Colville’s tactile homeware celebrates artisanal touch
We can’t wait to snuggle ourselves into the brand’s energetic debut homeware offering
Having spent the last six months predominantly at home, how we furnish our personal space has never felt so prescient. The tone of a wall colour can provide uplift, the ergonomic design of a chair offers relaxation after a long day at a laptop, and the particular tactility of a blanket can provide comfort in times of emotional crisis.
Tactility is integral to the design ethos of Colville, the community-focused and exuberant fashion brand founded by fashion stylist Lucinda Chambers and designers Molly Molloy and Kristin Forss in 2018. Its kaleidoscopic collections feature colourful prints resembling ‘splish-splashy sploshy’ hand-painted flowers, and silhouettes constructed from patchworks of striped knitwear. Touch is also central to the brand’s debut homeware collection, an energetic offering of super shag rugs, woollen blankets, knitted throws and jute floor mats, that we can’t wait to line our floors with and snuggle ourselves into.
‘Whether it’s for the body or for the home, we’ve always been obsessed with design,’ Chambers explains. Colville developed an even keener interest in interiors, when after two years of operating from Fors’ lounge at home – ‘She’d had enough!’ laughs Molloy – the trio set about picking up furnishings for their first Milan studio. Molloy visited a carpenter who worked from the mountains in northern Italy, designing a studio desk, followed by showroom display cabinets. Juxtaposed against these graphic pieces were vintage Turkish rugs from the Seventies.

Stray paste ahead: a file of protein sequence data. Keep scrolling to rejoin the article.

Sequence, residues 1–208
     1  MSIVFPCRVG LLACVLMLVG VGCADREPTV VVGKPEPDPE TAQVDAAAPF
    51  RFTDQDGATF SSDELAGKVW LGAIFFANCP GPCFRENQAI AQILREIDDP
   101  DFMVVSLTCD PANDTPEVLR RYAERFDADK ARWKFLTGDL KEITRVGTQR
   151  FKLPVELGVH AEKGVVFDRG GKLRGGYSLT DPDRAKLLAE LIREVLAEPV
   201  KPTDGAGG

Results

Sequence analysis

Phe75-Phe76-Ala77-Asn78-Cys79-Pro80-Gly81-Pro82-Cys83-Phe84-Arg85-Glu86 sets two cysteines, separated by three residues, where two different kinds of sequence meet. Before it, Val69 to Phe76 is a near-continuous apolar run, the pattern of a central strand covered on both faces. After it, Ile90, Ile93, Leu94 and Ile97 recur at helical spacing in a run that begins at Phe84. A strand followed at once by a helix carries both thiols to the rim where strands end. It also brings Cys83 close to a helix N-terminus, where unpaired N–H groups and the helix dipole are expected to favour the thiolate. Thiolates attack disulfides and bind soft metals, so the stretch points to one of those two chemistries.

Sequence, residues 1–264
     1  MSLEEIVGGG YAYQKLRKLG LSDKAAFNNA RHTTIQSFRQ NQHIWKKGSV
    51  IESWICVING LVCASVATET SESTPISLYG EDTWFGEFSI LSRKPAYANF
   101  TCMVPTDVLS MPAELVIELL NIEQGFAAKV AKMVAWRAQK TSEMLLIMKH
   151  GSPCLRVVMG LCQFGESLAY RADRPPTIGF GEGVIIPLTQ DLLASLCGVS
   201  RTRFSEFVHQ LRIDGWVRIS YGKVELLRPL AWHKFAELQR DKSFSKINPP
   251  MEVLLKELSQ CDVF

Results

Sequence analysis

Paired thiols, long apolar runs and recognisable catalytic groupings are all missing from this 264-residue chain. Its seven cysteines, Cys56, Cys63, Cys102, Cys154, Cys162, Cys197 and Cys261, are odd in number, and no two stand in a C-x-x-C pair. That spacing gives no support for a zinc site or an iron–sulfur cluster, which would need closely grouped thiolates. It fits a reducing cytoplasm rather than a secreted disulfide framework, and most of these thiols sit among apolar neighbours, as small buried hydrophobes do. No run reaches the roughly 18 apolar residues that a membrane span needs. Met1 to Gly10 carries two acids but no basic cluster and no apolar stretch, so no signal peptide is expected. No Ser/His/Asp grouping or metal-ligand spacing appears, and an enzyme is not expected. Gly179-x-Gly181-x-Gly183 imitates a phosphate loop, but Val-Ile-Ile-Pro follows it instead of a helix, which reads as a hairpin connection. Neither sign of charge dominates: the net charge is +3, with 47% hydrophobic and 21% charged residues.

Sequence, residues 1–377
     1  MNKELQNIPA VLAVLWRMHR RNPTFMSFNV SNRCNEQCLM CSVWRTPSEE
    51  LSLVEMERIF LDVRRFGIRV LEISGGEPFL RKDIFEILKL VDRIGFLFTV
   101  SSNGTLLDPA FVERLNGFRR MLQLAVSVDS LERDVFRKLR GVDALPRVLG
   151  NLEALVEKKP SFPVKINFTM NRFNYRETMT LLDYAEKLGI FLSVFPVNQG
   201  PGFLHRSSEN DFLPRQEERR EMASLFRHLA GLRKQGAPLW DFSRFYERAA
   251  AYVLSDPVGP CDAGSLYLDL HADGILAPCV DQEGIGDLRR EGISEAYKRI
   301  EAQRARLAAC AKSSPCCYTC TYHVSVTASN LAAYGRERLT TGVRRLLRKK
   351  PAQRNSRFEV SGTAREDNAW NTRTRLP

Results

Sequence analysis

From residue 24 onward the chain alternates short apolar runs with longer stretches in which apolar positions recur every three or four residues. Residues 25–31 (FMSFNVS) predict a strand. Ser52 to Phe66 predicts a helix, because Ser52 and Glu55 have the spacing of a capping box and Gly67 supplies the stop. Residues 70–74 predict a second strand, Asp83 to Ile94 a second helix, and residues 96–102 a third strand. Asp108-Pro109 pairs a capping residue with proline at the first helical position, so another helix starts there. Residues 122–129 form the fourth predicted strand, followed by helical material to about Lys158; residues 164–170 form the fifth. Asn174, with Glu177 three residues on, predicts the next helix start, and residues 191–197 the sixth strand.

While a host of luxury brands expand their product selections according to strict commercially-approved categories, Colville operate more on instinct. ‘A Turkish girl I was working with said “I know a weaver who can make those shag rugs!”’ Molloy explains. This expert artisan has created soft 100 per cent organic styles, coloured using natural vegetal dyes in tones of mustard, lime and orange, and imagined in chubby and narrow stripes.
Additionally, Colville’s polka dot woollen blankets were informed by an ancient felting technique practiced by Cistercian Monks, and created by the 1795-founded Italian mill Paoletti. Its jute floor mats, patterned with splice and dice stripes and arrowhead tesselations, were designed in Dhaka, Bangladesh in collaboration with Maison Bengal, a factory which trains women to develop traditional craft skill and encourage employment. ‘Collaboration is a huge part of Colville,’ Chambers adds. ‘We’re really interested in bringing craftsmanship into the 21st century.’
‘Lucinda texted me one night, saying “wouldn’t it be great to have these textures in our bedrooms and our sofas,’ Molloy adds, reflecting on the organic evolution of Colville’s homeware. We can’t wait to see what exuberant interior designs their next messages bring. §